But no doctor—I was speaking in medical clubs, medical colleges, universities—no doctor was ready to accept the idea because of the fear that some doctor may take advantage of it and may kill someone. I said to those people that if somebody wants to take advantage, do you think Hippocrates can prevent him? His oath can prevent him? He can still take advantage. The patient knows nothing of what is being done to him, what medicine is being given to him, what injections are being given to him. If the doctor wants to take advantage, he can take it now; nobody can prevent him. In fact, the oath protects him. But if you understand the whole situation, he cannot kill a young man; otherwise he will be behind bars. He can help a man to die only when the man has given him his authority and the man's family has made its farewell to the man. Taking advantage will be impossible.
But people are addicted to the past. India has been becoming poorer and poorer and poorer; and poverty is the source of all evil….
Whatever I could do…I had no power, I could only persuade people, convince people. But the people are so conditioned—they hear, but they don't listen. Seeing the situation I simply dropped the idea of transforming the Indian mind…. dless16

In India Mohammedans are the second biggest community after Hindus, but they are very poor. I was continuously wondering what is the reason that all the Mohammedans in the whole country…. And India has the biggest number of Mohammedans than any country, although it is not a Mohammedan country, but it has the biggest number of Mohammedans than any other country. Why are they all poor?
And as I looked into their scriptures, I found the reason. The reason was that they have been prohibited by Prophet Mohammed that: 'interest is a sin, so never give money on interest', one thing; and 'Never take money on interest'. This is the reason they are poor, because they cannot take money on interest and they cannot give money on interest. And the whole economy functions on interest. You take money from the bank on interest, you take loan from the government on interest, but they cannot take it. It is sin.
Now, a stupid idea keeps them poor. Am I responsible for it? Should I go and serve them?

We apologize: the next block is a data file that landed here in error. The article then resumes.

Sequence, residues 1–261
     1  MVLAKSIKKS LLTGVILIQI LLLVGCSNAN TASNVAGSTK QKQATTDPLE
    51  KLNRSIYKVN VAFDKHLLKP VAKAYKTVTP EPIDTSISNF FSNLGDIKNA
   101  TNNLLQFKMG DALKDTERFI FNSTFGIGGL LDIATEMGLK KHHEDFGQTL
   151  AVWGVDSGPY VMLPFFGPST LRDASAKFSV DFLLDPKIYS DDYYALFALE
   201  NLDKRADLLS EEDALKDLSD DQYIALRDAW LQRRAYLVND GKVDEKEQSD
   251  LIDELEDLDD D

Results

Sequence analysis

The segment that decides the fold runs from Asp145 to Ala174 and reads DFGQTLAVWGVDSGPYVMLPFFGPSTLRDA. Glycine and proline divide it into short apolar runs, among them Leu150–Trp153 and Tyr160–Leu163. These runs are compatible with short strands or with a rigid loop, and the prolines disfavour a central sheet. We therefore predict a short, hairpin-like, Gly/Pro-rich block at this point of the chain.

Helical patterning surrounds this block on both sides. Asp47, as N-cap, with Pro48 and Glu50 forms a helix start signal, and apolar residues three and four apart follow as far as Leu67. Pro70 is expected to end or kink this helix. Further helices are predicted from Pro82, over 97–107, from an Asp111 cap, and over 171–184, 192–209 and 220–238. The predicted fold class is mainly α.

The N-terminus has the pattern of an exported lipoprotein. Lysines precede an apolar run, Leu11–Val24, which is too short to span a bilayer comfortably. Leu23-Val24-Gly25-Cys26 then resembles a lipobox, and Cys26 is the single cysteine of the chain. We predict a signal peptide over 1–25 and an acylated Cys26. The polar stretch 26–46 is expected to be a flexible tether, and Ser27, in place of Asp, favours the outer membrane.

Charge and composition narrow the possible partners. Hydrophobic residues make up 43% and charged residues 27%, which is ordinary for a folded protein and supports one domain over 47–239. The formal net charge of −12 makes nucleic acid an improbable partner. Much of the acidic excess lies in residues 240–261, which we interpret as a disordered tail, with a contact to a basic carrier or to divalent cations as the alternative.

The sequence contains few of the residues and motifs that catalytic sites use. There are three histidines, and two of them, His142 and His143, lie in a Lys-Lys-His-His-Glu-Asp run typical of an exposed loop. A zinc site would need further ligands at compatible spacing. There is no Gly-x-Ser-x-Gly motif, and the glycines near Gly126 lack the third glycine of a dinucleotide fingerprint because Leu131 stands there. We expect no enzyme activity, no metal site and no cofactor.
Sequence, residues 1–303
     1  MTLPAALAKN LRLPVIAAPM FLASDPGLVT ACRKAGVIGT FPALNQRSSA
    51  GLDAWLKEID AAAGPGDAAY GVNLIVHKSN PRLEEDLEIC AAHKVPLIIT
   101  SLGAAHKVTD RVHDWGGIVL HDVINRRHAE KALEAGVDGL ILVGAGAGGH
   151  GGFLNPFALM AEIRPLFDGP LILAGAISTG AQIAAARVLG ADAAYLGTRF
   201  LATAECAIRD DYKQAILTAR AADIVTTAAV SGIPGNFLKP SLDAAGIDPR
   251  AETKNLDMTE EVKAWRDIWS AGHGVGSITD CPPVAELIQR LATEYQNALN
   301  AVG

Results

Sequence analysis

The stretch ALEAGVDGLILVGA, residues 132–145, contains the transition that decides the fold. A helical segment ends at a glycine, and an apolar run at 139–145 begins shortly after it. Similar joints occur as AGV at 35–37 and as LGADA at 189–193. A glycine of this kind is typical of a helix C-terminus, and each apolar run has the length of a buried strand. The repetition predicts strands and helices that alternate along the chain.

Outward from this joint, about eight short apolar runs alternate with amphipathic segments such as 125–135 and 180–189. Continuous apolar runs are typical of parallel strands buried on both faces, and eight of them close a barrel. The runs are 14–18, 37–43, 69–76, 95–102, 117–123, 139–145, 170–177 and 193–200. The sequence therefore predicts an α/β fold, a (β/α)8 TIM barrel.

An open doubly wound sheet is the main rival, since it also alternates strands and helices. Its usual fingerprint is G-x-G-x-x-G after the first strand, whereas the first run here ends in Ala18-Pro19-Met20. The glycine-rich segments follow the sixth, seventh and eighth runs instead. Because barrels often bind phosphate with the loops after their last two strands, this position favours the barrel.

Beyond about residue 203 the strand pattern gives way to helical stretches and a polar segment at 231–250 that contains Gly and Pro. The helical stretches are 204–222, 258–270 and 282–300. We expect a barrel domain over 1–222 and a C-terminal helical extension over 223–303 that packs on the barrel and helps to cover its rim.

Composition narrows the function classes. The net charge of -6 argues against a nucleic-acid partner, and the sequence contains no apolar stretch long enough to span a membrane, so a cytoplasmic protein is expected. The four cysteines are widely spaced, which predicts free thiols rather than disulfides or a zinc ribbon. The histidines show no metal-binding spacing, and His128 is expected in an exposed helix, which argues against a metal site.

If they are hungry and poor, this is one reason.
The second reason, Mohammed has given them the opportunity that they can marry four women. If one woman marries four men, that will be very helpful in reducing the world population. One woman can marry as many men as she wants, there is no harm. It will not create more poverty because she can give only birth to one child. How many husbands she has makes no difference.
But one man and four women is a dangerous thing. Now that man can have four children every year. So Mohammedans are having more children than anybody in India. Naturally, every man goes on dividing his poverty into so many children, they all end up almost like beggars. last320

Recently I was in Bihar. Thousands of famines have happened in Bihar since the time of Buddha, but the people of Bihar have done nothing. There is a lot of water underground in Bihar, but they do not dig wells. Every year they are waiting for the famine and begging for help to go on living. They do nothing! When the famine comes, they accept it and beg. When there is famine, the leaders of the whole country begin to ask for donations and help. When the famine is over, nobody bothers. The same situation continues, there will be no change. educa08

I have visited areas where people were so hungry—starving; they had no food. I enquired, "You don't have any food, how do you manage to sleep?"—because without food you cannot sleep. In fact sleep is needed for one of the most basic reasons: to digest food. So all other activity is dropped and your whole energy goes into digestion. But when you don't have any food in the stomach, sleep becomes difficult.
I have been fasting, so I know. Before the fasting day, the whole night you go on tossing and turning, thinking of the next day and the delicious foods. And when you are hungry anything looks delicious. But you cannot sleep. I asked, "How do you manage to sleep?"
They said, "We drink a lot of water to fill the belly, to deceive the body, and then sleep comes." They know perfectly well they are deceiving; water is not nourishment. The body is asking for food, and they are giving water because only water is available. But at least something is in the stomach, it is not empty. dark09